A great question for which I have mixed feelings and thoughts. A I’ve aged, I’ve contracted in some respects. Other than Paul Brazil, the British crime writer, I bread almost no one new. I’m stuck re-reading my favorites named above. On the other hand, the wealth of films from every country on the globe on my Roku smart TV contains such a vast selection, including the Amazon and Netflix films, that a person could live as long as a vampire and never view a fraction of what’s currently available. I’m not just an indie writer, I’m a fierce believer in their value—as opposed to the stranglehold held by those New York sonsofbitches—their lackey agents, milquetoast editors, and assorted pond scum of the publishing industry—that work relentlessly to maintain the stranglehold of the Big 5 or 6. I mean, Jesus Christ, how long will Clive Cussler and his ilk go on producing bestsellers (a farce of a word, there)? When he goes, he’ll be stuffed with excelsior and propped up in Simon & Schuster’s window on the Avenue of the Americas while teams of ghost writers crank out the next 60 novels the way grandfathers, fathers, and sons used to work on cathedrals in the Middle Ages. Share the loot, motherfuckers. It isn’t just cream that rises to the top; turds do too. To put a capstone on this diatribe: I think we’re built for handling information overload, and we know instinctively how to avoid the stress that comes from it. The phone zombies still haven’t received that memo.
Writers today often feel beholden to social media to establish themselves. Do you think this is a good or bad development in publishing? What makes you lean the way you do on this issue?
For indie writers it’s a necessity. The hard-working and dedicated people who back these enterprises in this economic climate with their own cash and sweat equity are heroes. They believe in what they do. I say, with some shame, I have all the author pages and social media platforms going—my poor website gets more hits from me fixing typos than it ever does visitors—but it’s part of the game. In just the last week, I’ve had Ryan Thomas work like a dog to get one of my reprinted novels on Amazon’s KDP, where it’ll languish, but the scut work he had to do to overcome Amazon’s own glitches amazed me. By the same token, Chris Black and Chris McVey of Fahrenheit are soldiers who genuinely believe that readers want good, heavyweight noir fiction, and they fight the good fight every day despite the obstacles imposed on indie bookstores by the publishing mafiya. I despise Agatha Christie novels as much as the popular crime writers. Watching Dolly Parton and James Patterson cavorting in an infomercial about their recent collaboration in a crime fiction novel nauseated me.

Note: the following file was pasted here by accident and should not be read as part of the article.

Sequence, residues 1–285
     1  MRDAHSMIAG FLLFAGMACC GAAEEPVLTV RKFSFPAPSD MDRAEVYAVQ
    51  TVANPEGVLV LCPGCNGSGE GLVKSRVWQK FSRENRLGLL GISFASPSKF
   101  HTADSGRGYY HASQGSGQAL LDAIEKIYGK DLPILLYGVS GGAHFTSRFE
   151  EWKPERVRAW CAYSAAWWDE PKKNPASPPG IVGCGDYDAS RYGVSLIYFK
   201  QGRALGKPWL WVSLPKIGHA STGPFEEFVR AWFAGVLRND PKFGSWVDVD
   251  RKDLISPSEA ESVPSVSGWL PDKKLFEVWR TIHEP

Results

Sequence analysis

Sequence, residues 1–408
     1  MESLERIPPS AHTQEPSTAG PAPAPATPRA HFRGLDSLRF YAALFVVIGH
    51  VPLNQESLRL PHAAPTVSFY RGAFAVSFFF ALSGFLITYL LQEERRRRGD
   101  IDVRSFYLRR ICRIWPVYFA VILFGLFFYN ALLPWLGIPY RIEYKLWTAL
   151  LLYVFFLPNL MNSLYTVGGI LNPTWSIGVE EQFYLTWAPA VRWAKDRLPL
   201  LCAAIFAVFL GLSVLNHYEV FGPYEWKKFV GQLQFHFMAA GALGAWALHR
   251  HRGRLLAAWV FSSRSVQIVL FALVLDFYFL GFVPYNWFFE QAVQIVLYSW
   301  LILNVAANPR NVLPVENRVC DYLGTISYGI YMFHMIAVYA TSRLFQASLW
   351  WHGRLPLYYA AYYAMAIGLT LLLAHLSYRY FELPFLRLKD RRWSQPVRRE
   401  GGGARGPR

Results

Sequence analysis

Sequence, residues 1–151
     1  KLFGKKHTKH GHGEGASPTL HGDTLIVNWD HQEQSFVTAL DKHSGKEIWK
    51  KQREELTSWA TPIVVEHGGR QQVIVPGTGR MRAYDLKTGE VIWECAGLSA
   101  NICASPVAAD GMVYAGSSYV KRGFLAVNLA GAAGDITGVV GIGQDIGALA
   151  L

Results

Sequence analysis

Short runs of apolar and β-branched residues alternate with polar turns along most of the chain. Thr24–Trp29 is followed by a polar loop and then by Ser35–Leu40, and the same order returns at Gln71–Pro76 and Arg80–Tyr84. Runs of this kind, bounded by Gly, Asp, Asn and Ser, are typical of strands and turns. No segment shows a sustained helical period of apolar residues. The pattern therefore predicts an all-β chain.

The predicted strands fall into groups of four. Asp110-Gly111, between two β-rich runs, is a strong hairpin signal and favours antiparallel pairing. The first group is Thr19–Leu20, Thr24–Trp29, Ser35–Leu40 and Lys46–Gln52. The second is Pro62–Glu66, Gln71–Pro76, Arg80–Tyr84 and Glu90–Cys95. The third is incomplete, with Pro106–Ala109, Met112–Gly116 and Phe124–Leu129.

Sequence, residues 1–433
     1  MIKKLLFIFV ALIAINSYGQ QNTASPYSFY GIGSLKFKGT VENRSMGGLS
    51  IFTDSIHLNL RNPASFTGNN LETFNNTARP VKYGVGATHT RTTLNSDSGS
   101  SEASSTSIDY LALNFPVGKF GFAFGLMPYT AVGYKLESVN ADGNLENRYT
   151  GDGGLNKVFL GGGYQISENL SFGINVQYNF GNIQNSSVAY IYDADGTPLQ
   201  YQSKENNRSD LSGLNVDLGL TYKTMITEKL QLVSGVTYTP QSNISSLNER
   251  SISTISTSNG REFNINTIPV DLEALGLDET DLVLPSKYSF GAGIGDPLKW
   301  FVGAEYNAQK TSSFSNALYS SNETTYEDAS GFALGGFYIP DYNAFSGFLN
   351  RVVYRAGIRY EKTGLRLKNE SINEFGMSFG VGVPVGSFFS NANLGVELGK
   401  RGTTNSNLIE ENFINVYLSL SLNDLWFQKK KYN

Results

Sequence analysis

I lean the way I do because I’m old. I campaigned for George McGovern, protested Vietnam, and here I am with a Donald Trump Americans for a Conservative Agenda plastic card in my wallet and a haircut like my Nixon-loving father. Life, it goes in circles.
What can we expect from you in the near future?
My next “Raimo Jarvi, p.i.” novel is coming out before summer. Northtown Angelus is the third in the series, and it’s my magnum opus—until my next one. I also have a collection of “Thomas Haftmann, p.i.” stories in the queue at another indie press that was merged with the original publisher of the Haftmann novels. I mentioned my novella, which might languish on my Desktop along with other stories, but that’s why I waited so long to write. Anyone who tries to make a living off writing is either brave or foolhardy.
In the near, near future, I’ll have a few short crime stories going up. My batting average is decent. I do love it when a story gets rejected by several magazines or online sites, and then gets accepted. It’s sweet revenge. Boring anecdote alert: the first novel I published with Fahrenheit Press in the U.K. , When You Run with Wolves, was ignored by the New York agent I had at the time. She kept telling me on the phone my fiction was “too violent,” that acquisition editors in her business were basically “private-school-educated types” who had a disdain for crude language and excessive depictions of violence in their writing. Well, fuck her, that novel has been reviewed over a hundred times on Amazon. Of course, the politically correct assholes condemned it—par for the course—but it shows that we need more variety in fiction, not necessarily more fiction of the kind that has the seal of approval from NYC.
Nominated for a Derringer, Robb T. White has published several crime, noir, and horror stories as well as hardboiled novels in various anthologies and magazines. “Inside Man,” a crime story, published in Down and Out Magazine, was selected for the Best American Mystery Stories 2019. His novel When You Run with Wolves was cited as a finalist by Murder, Mayhem & More for its Top Ten Crime Books of 2018. “If I Let You Get Me” was selected for the Bouchercon 2019 anthology. He has a pair of series private eyes.